How to Shop Online Safely During the Pandemic

frank lamjus

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Even as stores reopen in many parts of the country, people are still shopping online more than ever. And that includes using new sites set up by their favorite small businesses attempting to stay afloat through perilous economic times.

But be careful, experts warn, because cybercriminals are flocking to e-commerce sites, too. Their favorite crimes include opening fake accounts at retail sites and hijacking real ones through identity theft.

Online fraud was already on the rise before COVID-19, largely thanks to the rollout of chip-and-signature technology, which has made the in person credit-card fraud of the past a lot tougher to pull off.

Account takeovers jumped 72 percent in 2019, to 13 million cases, according to the most recent figures from the security firm Javelin, which tracks financial crime. Losses from consumer fraud in the U.S. hit $16.9 billion

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Find & Support Black-Owned Businesses With These Apps & Websites

frank lamjus

Following the police killing of George Floyd last month, protests have broken out across the country. We encourage everyone to join the fight by marching in local protests, signing online petitions, donating, and calling your elected officials, but there’s another way to fight systemic racial inequality, and that’s by putting your money where your mouth is. Make a commitment to support Black-owned businesses in your area.

Right now, Twitter users are asking their friends and followers to share their own or their favorite Black-owned businesses. While sifting through social media responses is one way to find spots to support, there are a lot of tweets containing the phrase “Black-owned businesses.” So if you’re looking to find a Black-owned business quickly — perhaps in time for take-out dinner tonight — there are also many useful resources online and in the app store that can help.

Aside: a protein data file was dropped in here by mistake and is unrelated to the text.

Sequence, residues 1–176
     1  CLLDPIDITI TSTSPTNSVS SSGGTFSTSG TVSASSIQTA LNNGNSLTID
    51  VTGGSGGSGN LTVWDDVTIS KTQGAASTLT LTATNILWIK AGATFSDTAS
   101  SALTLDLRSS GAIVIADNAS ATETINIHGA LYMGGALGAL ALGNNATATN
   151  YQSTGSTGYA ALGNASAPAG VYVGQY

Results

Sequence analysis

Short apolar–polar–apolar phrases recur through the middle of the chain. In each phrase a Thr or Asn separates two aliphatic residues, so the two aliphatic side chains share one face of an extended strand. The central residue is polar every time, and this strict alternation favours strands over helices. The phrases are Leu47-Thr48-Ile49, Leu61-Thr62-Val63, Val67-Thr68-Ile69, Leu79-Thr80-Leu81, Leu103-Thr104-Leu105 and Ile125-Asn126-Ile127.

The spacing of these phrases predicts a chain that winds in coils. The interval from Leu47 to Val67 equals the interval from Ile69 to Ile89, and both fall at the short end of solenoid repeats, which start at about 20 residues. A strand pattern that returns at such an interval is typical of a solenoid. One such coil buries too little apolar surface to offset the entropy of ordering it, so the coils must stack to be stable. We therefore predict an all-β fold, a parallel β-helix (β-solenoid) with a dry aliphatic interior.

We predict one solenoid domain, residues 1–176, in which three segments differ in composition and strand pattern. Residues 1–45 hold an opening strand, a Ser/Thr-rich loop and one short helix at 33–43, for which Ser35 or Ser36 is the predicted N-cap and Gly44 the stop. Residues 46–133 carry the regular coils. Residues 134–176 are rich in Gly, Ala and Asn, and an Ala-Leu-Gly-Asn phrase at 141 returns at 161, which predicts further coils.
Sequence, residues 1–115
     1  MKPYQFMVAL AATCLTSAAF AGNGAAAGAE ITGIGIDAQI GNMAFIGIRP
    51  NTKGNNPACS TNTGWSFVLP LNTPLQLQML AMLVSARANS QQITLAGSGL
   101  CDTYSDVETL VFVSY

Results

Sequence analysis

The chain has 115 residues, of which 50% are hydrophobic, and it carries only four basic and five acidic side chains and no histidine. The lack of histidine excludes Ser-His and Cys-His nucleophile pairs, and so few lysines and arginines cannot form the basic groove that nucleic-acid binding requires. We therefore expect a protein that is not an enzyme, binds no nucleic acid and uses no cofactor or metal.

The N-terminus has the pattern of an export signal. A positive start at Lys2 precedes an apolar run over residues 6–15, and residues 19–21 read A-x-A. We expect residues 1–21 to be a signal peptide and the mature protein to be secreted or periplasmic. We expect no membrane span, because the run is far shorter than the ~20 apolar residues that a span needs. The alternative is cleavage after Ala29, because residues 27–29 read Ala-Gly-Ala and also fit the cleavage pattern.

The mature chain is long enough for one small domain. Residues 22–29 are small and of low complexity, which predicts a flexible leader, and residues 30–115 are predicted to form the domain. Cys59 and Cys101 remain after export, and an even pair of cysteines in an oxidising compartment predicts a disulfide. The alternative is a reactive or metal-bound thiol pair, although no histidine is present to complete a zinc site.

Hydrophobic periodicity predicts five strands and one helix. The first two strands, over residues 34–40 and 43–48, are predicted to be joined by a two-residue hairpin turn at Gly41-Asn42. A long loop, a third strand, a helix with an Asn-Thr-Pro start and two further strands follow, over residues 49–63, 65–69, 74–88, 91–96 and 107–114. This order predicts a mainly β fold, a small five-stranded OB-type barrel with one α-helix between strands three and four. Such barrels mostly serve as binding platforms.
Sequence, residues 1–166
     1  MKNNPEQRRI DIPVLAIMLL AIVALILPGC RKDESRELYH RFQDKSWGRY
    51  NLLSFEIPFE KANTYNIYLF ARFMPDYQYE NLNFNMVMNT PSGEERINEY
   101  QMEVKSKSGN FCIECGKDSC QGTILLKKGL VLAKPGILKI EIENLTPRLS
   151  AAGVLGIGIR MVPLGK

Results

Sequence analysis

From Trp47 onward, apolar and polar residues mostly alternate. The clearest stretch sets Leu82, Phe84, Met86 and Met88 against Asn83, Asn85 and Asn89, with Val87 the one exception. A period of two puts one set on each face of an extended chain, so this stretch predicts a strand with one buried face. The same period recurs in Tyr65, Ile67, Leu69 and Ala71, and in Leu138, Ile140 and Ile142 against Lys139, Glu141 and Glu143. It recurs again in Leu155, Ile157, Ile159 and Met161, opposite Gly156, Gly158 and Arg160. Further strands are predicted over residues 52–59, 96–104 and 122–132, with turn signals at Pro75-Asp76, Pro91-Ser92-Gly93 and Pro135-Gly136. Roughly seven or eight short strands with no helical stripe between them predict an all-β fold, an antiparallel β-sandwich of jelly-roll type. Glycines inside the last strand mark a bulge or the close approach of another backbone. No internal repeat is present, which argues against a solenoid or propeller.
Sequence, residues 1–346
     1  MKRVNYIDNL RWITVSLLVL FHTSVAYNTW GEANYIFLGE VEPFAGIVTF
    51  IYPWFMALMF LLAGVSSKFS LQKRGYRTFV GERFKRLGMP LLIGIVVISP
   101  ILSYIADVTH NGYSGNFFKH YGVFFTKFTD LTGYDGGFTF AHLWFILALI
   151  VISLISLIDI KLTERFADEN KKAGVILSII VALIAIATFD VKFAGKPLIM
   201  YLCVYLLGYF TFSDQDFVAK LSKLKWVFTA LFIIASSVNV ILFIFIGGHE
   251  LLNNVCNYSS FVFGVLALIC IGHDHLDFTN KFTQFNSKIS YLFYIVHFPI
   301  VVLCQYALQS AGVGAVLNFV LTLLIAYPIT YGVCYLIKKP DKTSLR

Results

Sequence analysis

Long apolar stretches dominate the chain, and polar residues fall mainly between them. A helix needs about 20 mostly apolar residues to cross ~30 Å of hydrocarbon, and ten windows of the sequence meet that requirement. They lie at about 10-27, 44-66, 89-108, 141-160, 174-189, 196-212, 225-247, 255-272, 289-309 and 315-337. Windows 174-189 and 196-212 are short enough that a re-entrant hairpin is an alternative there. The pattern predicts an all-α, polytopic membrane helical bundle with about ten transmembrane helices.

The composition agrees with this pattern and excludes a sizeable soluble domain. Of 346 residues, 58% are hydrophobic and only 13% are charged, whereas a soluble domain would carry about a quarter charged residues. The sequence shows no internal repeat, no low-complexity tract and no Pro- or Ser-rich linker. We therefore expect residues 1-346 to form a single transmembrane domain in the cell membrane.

Ahead are top-ranking websites

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‘My Black Receipt’ Aims To Make Buying From Black-Owned Businesses More Than A Trend

frank lamjus

The coronavirus pandemic has only compounded the financial challenges faced by the Black community. Black entrepreneurs, for example, were disproportionately affected, with a 40% drop in the number of working Black business owners ― a far greater percentage than any other racial group. 

But the racial wealth gap is not a new problem. As of 2016, the net worth of a typical white family was nearly 10 times greater than that of a Black family ($171,000 vs. $17,150), according to the Brookings Institute

One way you can help solve this disparity is by supporting Black businesses. And a new campaign, My Black Receipt, aims to make that a long-term practice among consumers of all backgrounds. Here’s how to participate.

What Is My Black Receipt?

My Black Receipt is an initiative started by Black upStart, an organization that trains Black entrepreneurs to start job-creating businesses. Kezia Williams, the

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